This is my open love letter to those video stores (some dying, some not) all around me. About 7 years ago, I worked part-time at a Hollywood Video. I had the perks of free rentals and thoroughly enjoyed going through every single movie in the Horror section. I loved that my co-workers would often send an unsuspecting customer my way to get horror recommendations. What ensued was something like a psychiatry session where I asked probing questions about their fears, and prescribe a film to fit their nightmares. My old Hollywood Video is now closed, as are most locations since they declared Chapter 7 bankruptcy in 2010. It is disheartening to see video stores closing. Perhaps I’m not ready to fully embrace technology and the influence it’s wrought on the things I adore. But, at the same time, I’m not dismissing the awesomeness of a Netflix account or internet access to videos. My own Netflix account has been active for as long as I can remember, and I can’t imagine not having the ability to stream Dexter or Dracula (1979). I suppose this is just a long exposition in which I simply want to convey how I miss the video store experience.

(worth the short drive)

Today, I went to an Austin, TX independent store called ‘Vulcan Video’ where there horror section is divided up into categories (Killer Animals, J-Horror, Brian Yuzna, Frank Henenlotter, Guillermo del Toro, Fulci, etc). Walking in the doors, I immediately felt the excitement of discovery, of finding that rare video or quirky 80s movie that I’ve read about but could never find online. I was happy to see several people in the store on a weekday evening (my luck, it was 2 fer 1 Wednesday!), and felt a sort of kinship with the people who still rented movies in the flesh. Obviously, these people probably all have online accounts save for a few loyalists or the technologically adverse, but the schema was all the same as I remember. You peruse the aisle, tilt your head to the side to read the titles, and spend a few awkward moments in someone else’s personal bubble as you scan the same section. You pick out your movie, feel the weight of it in your hands, and decide “this is the one.” The commitment is a little more serious here. You have approximately 4 days to watch the movie before it’s due back, before you start racking up very real charges, unlike a Netflix situation where you hold on to a movie for 3 months at a time without a thought, letting it collect dust on the coffee table. You bring the movies up to the counter, and the love affair with a potentially life-changing film begins.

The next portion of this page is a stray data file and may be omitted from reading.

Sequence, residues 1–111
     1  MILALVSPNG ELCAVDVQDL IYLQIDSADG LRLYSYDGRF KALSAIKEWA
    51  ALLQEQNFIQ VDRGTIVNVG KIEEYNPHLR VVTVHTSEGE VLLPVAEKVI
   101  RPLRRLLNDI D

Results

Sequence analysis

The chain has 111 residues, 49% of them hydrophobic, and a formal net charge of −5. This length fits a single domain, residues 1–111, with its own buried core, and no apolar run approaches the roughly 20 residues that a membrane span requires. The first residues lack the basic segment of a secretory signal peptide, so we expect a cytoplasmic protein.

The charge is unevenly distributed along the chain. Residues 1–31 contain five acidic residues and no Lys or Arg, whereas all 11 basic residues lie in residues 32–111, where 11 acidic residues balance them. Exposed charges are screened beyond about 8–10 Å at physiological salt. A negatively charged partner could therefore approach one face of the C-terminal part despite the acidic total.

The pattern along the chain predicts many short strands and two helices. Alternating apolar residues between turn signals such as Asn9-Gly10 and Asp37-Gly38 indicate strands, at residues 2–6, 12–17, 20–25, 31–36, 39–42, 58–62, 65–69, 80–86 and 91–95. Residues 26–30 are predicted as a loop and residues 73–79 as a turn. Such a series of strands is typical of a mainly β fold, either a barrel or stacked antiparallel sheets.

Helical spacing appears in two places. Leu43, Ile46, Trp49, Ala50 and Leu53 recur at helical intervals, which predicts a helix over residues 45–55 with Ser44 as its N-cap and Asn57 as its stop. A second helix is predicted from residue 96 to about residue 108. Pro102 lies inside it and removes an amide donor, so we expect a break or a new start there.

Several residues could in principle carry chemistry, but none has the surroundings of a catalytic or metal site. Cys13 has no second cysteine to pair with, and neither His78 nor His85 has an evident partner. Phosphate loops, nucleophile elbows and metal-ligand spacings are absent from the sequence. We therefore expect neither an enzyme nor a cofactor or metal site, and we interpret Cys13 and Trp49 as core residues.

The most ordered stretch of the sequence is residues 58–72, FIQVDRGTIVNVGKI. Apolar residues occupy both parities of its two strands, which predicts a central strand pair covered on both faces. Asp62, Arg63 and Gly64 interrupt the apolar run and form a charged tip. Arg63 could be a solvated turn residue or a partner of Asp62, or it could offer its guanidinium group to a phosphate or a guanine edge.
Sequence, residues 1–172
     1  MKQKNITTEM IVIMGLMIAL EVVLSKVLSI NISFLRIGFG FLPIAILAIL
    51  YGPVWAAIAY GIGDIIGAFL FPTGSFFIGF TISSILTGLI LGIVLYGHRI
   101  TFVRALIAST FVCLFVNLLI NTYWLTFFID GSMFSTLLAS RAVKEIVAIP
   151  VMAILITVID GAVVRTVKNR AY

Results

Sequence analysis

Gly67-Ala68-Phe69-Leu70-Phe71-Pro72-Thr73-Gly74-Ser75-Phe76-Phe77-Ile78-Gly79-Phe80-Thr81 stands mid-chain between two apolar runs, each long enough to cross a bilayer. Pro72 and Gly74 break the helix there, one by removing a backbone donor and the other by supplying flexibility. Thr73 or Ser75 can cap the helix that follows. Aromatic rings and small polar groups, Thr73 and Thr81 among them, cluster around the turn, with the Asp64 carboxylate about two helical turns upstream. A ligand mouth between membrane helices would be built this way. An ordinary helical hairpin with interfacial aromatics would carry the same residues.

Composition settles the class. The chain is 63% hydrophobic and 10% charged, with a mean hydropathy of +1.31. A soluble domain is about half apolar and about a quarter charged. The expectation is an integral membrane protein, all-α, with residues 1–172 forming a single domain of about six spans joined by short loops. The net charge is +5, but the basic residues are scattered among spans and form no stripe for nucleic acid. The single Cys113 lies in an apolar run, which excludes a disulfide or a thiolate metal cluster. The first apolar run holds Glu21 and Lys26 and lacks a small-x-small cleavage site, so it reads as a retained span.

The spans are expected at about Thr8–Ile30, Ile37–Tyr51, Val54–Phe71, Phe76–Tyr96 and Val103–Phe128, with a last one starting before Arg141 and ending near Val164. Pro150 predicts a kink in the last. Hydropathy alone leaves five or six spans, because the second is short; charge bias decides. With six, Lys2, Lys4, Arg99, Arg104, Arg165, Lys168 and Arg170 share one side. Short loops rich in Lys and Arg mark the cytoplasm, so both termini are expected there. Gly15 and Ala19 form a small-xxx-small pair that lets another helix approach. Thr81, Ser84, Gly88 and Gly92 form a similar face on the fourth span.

(A beast I must tame!)

As a shout-out to my Hollywood Video days, I’ve decided to watch all the 80s horror movies at Vulcan Video, starting in order of the alphabet. There are a few caveats: I will skip over any movie that is available on Netflix streaming (I’ll leave those to the wonderful WildClaw contributor Dr. Morbius), or movies that I already own. My first intention was to rent every single horror film and review each, but when I saw Vulcan’s enormous collection… that’s just not a viable option. So I will start with ‘A’ and work my way through; this little project will give me a reason to keep going back to the mom-and-pop video store to show my support.

(Total = $2 and some change)

Kitley's Krypt MYSTERY PHOTO #85

Another week, another MYSTERY PHOTO!